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Retirement Funding: Roth vs. Traditional

The main question when choosing retirement arrangements (IRA, 401(k), etc.) is whether to pay taxes now or pay taxes later.  In the “pay taxes now” scenario, you contribute after-tax income to a Roth account and pay no taxes upon withdrawal.  In the “pay taxes later” scenario, you contribute pre-tax income (e.g. Traditional IRA), get a tax deduction today, and pay taxes upon withdrawal.

Let’s take the simple example of IRA contributions.  Assume you are deciding what to do with $6,000, which is the 2019 IRA contribution limit for individuals under 50 ($7,000 for 50 and over).


Option 1
No IRA
Option 2
Traditional IRA
Option 3
Roth IRA
Assumptions
Initial Investment
$ 3,900
 $ 6,000
$ 6,000
◦30 Years to Retirement
◦6% Annualized return on Investment
◦15% Tax rate for Long Term Capital   Gains
◦35% marginal tax rate both today and at retirement

Final value Pre-Tax
$ 22,400
$ 34,461
$ 34,461
Opportunity Cost


$ (10,567)
FINAL POST TAX VALUE
$ 19,625
$ 22,400
$ 23,894


Option 1 (No IRA):  In this example you are starting off with a smaller investment because you pay income tax on the $6,000 you earn.  This path results in the lowest final value because it’s taxed a second time as capital gains upon liquidation.

Option 2 (Traditional IRA):  In this example you contribute $6,000 pre-tax to a Traditional IRA.  You get a tax deduction today and defer taxes until withdrawal (30 years in this example).Withdrawals are then taxed as income.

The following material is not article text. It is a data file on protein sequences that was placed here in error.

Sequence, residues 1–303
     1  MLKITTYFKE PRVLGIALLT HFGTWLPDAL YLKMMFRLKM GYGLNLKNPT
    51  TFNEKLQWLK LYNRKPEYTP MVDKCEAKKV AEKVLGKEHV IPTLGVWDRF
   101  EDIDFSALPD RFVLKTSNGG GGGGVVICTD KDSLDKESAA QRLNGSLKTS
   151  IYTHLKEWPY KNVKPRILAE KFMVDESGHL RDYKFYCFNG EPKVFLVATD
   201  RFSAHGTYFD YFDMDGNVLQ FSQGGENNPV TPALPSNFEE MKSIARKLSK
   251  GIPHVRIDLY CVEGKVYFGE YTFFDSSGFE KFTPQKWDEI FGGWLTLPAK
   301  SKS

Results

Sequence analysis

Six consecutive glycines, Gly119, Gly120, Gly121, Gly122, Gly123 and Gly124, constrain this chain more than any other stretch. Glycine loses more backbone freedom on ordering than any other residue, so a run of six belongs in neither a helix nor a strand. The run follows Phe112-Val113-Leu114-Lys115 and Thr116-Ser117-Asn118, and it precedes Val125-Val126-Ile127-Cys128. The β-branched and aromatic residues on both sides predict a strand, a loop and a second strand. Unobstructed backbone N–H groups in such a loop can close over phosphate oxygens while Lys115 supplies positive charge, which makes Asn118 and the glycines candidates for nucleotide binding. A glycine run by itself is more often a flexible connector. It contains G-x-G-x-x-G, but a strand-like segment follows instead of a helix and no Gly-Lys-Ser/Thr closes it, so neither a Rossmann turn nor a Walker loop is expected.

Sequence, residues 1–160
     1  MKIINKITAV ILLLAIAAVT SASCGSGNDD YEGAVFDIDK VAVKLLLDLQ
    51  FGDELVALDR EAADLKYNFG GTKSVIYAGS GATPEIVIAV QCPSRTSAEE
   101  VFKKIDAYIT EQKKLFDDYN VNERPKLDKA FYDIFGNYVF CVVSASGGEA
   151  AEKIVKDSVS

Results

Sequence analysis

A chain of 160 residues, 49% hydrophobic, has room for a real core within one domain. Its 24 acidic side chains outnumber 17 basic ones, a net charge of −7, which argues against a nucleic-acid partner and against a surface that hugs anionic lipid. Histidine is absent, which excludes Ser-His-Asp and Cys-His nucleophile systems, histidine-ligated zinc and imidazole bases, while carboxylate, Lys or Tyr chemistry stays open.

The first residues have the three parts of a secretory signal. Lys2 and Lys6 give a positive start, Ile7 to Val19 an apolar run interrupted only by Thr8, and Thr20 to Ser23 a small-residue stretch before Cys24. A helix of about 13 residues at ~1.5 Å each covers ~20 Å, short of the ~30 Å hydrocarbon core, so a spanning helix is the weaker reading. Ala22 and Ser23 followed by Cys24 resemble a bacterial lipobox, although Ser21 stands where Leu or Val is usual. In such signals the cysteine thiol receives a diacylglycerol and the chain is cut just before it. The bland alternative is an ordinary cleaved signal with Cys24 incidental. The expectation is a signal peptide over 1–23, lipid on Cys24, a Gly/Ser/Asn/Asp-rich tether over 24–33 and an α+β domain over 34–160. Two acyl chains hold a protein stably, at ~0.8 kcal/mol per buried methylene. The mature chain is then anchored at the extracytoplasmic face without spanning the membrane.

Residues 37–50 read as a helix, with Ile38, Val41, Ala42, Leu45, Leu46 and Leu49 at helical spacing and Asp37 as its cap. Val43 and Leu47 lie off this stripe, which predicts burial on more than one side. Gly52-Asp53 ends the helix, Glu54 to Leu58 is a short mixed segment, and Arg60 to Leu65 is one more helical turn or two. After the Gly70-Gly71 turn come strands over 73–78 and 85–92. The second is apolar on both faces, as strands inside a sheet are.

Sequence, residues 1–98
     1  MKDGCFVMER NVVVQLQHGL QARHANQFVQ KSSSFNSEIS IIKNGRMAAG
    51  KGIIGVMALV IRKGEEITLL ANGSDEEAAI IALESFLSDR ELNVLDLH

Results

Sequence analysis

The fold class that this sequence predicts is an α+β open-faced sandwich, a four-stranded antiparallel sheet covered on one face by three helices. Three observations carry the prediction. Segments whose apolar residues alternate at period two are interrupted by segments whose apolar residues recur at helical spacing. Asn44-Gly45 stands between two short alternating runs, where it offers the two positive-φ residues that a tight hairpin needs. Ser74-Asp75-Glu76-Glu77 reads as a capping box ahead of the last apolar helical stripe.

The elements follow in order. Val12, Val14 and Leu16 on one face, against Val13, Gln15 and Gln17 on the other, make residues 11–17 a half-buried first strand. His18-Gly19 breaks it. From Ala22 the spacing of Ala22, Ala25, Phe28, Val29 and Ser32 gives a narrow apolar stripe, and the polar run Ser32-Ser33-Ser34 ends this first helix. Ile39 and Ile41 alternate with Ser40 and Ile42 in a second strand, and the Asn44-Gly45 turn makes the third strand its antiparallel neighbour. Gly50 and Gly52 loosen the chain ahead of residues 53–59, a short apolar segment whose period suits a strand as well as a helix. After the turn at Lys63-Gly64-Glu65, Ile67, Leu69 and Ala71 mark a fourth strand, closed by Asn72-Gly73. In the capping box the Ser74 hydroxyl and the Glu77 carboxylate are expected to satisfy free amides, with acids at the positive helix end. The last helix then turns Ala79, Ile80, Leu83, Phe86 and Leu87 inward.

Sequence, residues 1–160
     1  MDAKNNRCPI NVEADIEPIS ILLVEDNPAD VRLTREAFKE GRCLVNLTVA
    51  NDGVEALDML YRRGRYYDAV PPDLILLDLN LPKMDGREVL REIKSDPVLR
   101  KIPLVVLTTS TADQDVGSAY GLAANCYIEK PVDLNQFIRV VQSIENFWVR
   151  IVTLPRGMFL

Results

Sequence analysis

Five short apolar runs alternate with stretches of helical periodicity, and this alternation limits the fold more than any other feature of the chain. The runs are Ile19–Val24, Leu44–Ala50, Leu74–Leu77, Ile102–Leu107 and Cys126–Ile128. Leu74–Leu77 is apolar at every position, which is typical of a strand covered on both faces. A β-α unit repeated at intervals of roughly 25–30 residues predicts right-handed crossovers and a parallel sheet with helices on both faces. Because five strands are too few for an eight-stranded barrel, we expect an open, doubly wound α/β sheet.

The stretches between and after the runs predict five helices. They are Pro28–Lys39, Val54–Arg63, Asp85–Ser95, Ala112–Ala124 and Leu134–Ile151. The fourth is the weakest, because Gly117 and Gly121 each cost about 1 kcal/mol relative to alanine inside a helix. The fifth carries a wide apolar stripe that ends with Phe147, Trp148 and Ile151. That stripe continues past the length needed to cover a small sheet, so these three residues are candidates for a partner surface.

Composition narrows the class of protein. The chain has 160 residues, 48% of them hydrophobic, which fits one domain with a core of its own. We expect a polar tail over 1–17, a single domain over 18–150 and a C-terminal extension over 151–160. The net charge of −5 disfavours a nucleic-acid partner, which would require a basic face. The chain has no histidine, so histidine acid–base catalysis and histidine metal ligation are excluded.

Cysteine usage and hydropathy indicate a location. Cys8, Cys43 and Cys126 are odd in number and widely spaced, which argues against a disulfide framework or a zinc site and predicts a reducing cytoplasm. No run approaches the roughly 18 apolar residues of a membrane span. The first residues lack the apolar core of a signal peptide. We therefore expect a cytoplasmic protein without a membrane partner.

A Traditional IRA is especially advantageous when:

  • You are confident you’ll be in a lower tax bracket at retirement.
  • You are a high earner in a high-tax state but plan to retire to a low-tax or no-tax state and live off your savings. (Why do you think so many New Yorkers historically have retired to Florida?)

Option 3 (Roth IRA):  In this example you contribute $6,000 after tax to your Roth IRA.  This investment grows tax free, and will not be subject to tax upon withdrawal; however, there is an opportunity cost of missing out on the Traditional IRA tax deduction up front.  The assumption in calculating the final value is that you could have taken your tax deduction up front and invested that amount in a regular account.

A Roth IRA is especially advantageous when:

  • You are in the accumulation phase of your life and career and are confident that you will retire with a higher net worth than what you have today.
  • You are not currently in the top income tax bracket or you currently live in a low-tax or no-tax state.

Additional Roth IRA benefits:

  • No required minimum distributions when you reach age 70 ½.  This means your account can continue to grow tax free.
  • Tax-free inheritance for your heirs.

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